Hmm...a challenge and a test?
First, the challenge...
Being invited to join Pacific Food's Everyday Chef Challenge, along with a very accomplished group of bloggers (and talented cooks) -- Elana's Pantry, Herbivoracious, Aggie's Kitchen, and 5 Dollar Dinners -- has been very fun.
The Challenge presented to us for Week One (and to you... see previous post for details...) was to come up with a recipe that incorporates both mushrooms and a Pacific Foods' broth of our choice. After a little thinking, I came up with this Mushroom-Parmesan Crusted Chicken Breast served over Braised French Green Lentils with Roasted Vegetables.
I know... that's a long title. In one word, it's "YUM."
But it wasn't until "T minus 20" that I ended up with this entry. And that's where the "test" part of this exercise came into play.
For me, making decisions in life kind of comes down to a variety of personal "litmus" tests, depending on the situation presented. There's a litmus I depend on when judging character or integrity. There's a litmus I use to determine whether to embark on a particular path or not. Etc., etc. A lot of it is really just about trusting your gut.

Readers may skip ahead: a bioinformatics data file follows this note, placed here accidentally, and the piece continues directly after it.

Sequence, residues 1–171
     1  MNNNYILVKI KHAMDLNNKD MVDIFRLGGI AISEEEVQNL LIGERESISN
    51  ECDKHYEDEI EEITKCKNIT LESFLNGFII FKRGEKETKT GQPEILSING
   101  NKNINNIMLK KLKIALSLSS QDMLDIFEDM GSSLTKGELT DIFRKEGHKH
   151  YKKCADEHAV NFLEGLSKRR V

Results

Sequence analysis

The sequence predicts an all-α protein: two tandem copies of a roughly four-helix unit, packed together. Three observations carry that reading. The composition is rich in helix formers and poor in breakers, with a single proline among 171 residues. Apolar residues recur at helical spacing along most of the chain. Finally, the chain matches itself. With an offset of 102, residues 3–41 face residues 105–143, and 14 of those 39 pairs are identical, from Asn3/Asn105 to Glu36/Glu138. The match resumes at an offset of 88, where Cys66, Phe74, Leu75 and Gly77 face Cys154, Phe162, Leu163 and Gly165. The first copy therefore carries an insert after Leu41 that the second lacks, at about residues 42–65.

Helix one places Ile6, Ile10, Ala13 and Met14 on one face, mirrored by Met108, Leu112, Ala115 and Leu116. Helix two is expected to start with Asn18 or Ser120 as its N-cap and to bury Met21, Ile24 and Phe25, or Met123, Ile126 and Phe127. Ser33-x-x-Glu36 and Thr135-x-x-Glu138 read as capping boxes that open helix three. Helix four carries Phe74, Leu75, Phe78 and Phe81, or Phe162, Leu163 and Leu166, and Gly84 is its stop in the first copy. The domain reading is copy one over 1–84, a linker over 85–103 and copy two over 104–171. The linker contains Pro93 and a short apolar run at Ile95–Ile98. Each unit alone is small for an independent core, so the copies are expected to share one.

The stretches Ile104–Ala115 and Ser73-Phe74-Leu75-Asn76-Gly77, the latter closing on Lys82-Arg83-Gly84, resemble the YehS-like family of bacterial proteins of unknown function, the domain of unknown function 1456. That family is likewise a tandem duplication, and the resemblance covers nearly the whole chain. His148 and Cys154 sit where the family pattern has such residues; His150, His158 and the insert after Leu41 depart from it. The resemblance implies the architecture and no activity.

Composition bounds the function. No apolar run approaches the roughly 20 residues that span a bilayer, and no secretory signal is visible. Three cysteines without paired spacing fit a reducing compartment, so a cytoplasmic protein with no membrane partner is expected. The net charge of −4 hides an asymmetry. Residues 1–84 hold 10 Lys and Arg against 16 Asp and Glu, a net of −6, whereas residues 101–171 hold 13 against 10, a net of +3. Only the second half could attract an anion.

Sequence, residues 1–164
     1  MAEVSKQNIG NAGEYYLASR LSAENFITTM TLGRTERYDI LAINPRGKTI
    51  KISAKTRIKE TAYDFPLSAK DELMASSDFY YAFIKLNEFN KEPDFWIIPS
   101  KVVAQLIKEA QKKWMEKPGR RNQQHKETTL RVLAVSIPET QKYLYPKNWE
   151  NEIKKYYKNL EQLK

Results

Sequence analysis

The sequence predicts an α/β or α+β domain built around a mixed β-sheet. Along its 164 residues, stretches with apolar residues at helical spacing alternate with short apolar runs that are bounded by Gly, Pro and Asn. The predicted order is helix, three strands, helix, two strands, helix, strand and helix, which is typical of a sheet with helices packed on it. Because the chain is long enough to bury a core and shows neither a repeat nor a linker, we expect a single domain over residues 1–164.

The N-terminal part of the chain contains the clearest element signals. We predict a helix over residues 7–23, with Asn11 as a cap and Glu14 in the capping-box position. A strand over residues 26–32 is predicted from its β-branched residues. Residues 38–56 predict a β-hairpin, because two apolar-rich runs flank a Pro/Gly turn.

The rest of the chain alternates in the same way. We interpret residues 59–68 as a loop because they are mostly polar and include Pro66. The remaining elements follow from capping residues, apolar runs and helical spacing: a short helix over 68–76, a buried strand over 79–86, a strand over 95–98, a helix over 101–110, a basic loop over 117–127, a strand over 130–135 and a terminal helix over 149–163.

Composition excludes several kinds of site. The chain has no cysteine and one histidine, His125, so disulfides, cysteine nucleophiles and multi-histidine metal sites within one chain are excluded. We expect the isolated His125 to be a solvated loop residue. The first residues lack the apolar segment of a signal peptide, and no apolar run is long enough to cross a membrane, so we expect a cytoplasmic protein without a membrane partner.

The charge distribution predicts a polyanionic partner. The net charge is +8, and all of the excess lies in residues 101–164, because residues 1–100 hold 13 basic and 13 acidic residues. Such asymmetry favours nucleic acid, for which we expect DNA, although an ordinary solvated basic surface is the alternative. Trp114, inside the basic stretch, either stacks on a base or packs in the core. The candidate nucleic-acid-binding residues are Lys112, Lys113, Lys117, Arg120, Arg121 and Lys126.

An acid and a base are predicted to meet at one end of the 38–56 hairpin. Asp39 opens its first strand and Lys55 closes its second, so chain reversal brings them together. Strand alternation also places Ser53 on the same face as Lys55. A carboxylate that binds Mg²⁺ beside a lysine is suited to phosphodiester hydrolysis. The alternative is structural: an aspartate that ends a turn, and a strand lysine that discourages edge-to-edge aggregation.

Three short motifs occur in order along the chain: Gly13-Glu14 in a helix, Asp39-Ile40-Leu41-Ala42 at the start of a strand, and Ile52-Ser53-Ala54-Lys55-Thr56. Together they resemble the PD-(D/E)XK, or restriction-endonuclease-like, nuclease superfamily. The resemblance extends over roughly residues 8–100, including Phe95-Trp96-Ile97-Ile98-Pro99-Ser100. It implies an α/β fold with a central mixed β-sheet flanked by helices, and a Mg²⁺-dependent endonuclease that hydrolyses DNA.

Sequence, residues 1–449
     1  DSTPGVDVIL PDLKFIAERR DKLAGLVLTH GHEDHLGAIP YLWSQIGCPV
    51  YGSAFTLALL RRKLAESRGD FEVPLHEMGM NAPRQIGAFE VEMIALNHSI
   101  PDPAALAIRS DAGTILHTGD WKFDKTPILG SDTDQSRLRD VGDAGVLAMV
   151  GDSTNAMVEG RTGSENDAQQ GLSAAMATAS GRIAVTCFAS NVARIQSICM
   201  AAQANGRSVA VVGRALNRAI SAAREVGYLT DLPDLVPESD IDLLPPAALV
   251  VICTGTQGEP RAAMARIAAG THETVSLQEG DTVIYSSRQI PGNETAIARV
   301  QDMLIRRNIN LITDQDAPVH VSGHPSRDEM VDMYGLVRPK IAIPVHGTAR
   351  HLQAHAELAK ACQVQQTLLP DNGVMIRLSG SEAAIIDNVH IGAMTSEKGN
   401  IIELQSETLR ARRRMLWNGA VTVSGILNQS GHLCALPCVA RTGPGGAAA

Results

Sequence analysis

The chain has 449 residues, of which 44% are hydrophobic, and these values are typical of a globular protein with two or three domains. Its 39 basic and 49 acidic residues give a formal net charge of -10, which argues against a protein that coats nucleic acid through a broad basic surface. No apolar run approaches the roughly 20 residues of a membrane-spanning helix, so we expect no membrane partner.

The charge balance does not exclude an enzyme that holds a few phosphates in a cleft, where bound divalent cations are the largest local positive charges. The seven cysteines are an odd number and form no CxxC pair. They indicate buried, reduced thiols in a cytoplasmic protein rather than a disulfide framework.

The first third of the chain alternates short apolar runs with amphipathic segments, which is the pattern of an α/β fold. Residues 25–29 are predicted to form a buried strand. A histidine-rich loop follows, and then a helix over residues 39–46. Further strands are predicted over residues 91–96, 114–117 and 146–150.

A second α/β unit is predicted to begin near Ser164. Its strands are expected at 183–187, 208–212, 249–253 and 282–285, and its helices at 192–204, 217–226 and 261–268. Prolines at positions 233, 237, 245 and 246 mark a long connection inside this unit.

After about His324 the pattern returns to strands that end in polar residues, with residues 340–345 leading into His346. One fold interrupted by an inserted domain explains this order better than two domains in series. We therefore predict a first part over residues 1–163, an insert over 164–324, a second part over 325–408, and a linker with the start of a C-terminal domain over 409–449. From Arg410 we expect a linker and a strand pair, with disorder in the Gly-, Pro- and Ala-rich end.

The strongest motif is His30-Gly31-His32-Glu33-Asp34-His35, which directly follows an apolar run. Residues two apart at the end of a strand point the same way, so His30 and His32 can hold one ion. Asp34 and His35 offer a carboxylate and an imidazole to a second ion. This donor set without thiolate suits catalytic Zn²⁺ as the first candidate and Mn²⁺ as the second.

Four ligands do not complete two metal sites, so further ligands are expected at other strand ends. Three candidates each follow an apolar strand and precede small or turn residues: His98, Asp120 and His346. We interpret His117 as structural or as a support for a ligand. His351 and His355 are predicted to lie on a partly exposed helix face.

And, yes... I have a cooking litmus. It's pretty simple, covering just four key points. The first three are very basic: Does it look good? Smell good? Taste good? Fairly obvious points.
Even our dog has this litmus! For him, it's all about C-O-O-K-I-E-S (so much so that we can't even say the word around him... unless we intend to deliver the goods). You see, this food is the end all for our dog. Cookies totally pass the look-smell-taste test for Bosley. Quite honestly, it's how we get him to listen to us when he's otherwise predisposed not to (I realize we'd totally fail a dog trainer's litmus on this point). All we need to say is "Cookie, Boz... Cookie, Cookie" and he's front and center within seconds flat! The only downside to this perk is that anyone within earshot clearly thinks our large, sweet brute of a dog is named "Cookie."
The point here is that Boz would have cookies anytime... again... and again!
And that's the fourth (and final) point of my little cooking litmus: Would I make this dish again?
It's wasn't until this past Monday morning (at "T minus 20") that I came up with a recipe that answered this query with a definite YES... a little late in the game for my comfort level, but I survived.